Europe’s MiCA Is Finally Here. How Will the U.S. Respond?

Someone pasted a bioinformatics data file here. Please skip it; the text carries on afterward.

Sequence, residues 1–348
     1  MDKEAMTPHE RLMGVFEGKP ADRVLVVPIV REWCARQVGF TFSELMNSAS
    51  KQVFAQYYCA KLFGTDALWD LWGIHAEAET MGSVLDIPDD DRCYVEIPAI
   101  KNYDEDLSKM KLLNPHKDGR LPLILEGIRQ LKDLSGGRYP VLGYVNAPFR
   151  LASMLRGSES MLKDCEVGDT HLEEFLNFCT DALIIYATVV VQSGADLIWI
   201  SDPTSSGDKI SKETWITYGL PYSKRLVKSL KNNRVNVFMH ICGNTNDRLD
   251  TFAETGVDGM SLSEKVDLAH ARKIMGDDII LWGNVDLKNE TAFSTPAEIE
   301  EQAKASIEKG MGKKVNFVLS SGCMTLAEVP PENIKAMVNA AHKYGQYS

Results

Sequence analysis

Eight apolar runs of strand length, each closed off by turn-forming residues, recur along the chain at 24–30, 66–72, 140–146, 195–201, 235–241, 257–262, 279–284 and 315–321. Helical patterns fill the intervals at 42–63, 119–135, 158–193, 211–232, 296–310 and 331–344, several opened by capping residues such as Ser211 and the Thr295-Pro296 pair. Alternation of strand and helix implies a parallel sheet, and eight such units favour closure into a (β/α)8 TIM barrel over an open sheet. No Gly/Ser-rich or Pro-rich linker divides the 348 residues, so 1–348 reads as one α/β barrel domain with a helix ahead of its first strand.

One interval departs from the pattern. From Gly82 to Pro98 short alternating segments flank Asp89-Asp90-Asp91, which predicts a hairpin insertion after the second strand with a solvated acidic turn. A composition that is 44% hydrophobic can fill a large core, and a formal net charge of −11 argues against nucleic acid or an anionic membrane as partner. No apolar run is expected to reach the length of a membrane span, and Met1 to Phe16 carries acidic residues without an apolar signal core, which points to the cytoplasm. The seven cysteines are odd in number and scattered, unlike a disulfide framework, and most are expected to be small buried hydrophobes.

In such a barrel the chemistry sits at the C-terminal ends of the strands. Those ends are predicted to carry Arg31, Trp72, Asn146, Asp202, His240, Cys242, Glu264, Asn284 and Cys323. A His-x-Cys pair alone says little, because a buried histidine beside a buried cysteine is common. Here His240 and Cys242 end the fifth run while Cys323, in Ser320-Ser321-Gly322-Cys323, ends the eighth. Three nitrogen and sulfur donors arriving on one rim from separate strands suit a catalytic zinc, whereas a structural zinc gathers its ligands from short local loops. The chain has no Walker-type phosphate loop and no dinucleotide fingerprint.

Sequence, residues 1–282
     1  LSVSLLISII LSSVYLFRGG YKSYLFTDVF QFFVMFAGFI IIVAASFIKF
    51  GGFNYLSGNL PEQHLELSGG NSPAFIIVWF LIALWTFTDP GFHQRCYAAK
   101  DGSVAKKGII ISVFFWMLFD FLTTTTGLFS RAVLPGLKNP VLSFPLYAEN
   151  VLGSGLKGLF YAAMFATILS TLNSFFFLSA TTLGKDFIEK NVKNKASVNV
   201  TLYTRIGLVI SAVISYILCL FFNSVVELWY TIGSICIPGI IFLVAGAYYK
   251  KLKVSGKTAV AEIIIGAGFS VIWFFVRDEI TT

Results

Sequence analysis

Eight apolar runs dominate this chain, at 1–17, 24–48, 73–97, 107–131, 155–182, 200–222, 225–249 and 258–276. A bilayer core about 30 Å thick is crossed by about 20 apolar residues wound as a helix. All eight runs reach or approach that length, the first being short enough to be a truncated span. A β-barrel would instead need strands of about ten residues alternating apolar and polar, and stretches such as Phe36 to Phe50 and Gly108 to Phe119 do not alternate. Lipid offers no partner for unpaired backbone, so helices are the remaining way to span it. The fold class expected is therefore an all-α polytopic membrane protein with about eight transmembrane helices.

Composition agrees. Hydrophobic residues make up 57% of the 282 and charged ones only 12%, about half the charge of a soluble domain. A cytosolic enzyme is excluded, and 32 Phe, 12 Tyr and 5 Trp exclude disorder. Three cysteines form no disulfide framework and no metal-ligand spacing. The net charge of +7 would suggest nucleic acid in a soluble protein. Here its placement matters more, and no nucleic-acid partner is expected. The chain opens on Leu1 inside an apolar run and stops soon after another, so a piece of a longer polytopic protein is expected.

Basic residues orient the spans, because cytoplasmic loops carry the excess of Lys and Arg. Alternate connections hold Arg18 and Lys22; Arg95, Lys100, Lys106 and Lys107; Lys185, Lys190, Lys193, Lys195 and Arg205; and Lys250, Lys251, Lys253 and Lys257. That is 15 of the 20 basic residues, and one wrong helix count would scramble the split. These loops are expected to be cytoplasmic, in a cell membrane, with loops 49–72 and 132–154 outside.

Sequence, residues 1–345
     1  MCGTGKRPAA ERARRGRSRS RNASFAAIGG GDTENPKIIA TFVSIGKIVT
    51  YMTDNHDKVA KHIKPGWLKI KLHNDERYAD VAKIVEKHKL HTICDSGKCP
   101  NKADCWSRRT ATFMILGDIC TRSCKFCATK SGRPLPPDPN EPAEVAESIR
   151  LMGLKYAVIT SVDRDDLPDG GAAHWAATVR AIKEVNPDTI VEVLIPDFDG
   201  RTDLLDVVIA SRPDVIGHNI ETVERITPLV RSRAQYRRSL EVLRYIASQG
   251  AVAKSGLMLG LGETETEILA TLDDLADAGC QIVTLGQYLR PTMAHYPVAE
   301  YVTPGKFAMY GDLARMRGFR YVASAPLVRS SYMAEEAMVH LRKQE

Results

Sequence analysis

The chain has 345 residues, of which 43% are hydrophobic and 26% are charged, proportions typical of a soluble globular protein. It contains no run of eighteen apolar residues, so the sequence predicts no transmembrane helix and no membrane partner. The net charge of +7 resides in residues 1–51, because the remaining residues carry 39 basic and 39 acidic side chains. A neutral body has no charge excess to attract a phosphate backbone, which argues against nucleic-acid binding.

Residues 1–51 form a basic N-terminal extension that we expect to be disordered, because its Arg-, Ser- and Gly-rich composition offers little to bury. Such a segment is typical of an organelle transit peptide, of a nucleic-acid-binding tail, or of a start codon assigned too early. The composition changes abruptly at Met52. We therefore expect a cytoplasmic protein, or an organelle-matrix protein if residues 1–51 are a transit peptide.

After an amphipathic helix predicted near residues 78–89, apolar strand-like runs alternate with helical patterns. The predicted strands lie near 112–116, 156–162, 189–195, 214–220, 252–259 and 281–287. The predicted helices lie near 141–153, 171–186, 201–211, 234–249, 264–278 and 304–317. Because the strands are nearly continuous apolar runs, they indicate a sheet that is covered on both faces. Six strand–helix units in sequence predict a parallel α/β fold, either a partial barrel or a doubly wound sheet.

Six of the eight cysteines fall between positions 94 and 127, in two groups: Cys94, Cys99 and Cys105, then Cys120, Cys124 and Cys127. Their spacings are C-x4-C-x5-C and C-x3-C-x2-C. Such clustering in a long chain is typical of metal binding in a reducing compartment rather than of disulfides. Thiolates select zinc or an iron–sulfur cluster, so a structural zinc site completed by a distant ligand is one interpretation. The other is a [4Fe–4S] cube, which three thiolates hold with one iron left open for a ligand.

For the crypto industry and its existential coupling with the banking sector, MiCA marks profound change, which only the most serious players are ready for. For example, in the resurgent stablecoin category, in which the dollar is the currency of reference, MiCA marks a proverbial fiscal cliff where unregulated or non-compliant tokens will ultimately be delisted or their access greatly restricted by crypto exchanges. The reason is simple. Rather than treating stablecoins like a fringe financial product or merely a poker chip in a crypto casino, MiCA brings stablecoins in line with longstanding electronic money rules. Therefore, all stablecoins offered by EU crypto exchanges must comply with rules for e-money tokens. This confers to the token holder a right of redemption at par for the underlying currency directly from the issuer, a way of reinforcing collective accountability and consumer protection in the interlinked digital asset value chain – from the wallet, to the exchange and, ultimately, to the issuer. Contrast this model to the amorphous standards or lack of prudential protections guarding against the run on the stable-in-name-only coin Terra Luna. If Terra Luna had abided by the e-money equivalent in the U.S., which are state money transmission laws, consumers could have been better protected from the crash


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